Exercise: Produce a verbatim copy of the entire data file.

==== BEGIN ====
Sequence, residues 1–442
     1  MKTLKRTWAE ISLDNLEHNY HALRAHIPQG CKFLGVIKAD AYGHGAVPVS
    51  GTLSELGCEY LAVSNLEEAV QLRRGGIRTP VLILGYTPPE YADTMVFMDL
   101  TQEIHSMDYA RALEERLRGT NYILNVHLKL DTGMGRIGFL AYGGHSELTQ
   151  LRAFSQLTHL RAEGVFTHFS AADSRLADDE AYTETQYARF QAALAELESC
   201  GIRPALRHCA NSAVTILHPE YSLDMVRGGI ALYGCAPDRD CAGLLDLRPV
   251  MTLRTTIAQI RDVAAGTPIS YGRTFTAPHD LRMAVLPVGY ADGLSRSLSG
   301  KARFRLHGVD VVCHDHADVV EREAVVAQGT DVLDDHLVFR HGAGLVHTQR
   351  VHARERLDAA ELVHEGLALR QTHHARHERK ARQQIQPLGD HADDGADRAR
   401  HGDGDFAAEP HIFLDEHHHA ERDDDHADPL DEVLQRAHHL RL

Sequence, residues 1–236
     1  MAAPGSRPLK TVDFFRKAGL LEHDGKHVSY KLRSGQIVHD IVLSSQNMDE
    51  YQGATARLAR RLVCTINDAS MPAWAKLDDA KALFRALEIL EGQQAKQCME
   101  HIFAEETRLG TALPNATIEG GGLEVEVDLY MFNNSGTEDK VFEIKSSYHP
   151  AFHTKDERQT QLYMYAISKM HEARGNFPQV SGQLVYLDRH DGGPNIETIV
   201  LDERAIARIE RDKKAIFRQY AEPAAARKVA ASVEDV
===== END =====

Sequence, residues 1–442
     1  MKTLKRTWAE ISLDNLEHNY HALRAHIPQG CKFLGVIKAD AYGHGAVPVS
    51  GTLSELGCEY LAVSNLEEAV QLRRGGIRTP VLILGYTPPE YADTMVFMDL
   101  TQEIHSMDYA RALEERLRGT NYILNVHLKL DTGMGRIGFL AYGGHSELTQ
   151  LRAFSQLTHL RAEGVFTHFS AADSRLADDE AYTETQYARF QAALAELESC
   201  GIRPALRHCA NSAVTILHPE YSLDMVRGGI ALYGCAPDRD CAGLLDLRPV
   251  MTLRTTIAQI RDVAAGTPIS YGRTFTAPHD LRMAVLPVGY ADGLSRSLSG
   301  KARFRLHGVD VVCHDHADVV EREAVVAQGT DVLDDHLVFR HGAGLVHTQR
   351  VHARERLDAA ELVHEGLALR QTHHARHERK ARQQIQPLGD HADDGADRAR
   401  HGDGDFAAEP HIFLDEHHHA ERDDDHADPL DEVLQRAHHL RL

Sequence, residues 1–236
     1  MAAPGSRPLK TVDFFRKAGL LEHDGKHVSY KLRSGQIVHD IVLSSQNMDE
    51  YQGATARLAR RLVCTINDAS MPAWAKLDDA KALFRALEIL EGQQAKQCME
   101  HIFAEETRLG TALPNATIEG GGLEVEVDLY MFNNSGTEDK VFEIKSSYHP
   151  AFHTKDERQT QLYMYAISKM HEARGNFPQV SGQLVYLDRH DGGPNIETIV
   201  LDERAIARIE RDKKAIFRQY AEPAAARKVA ASVEDV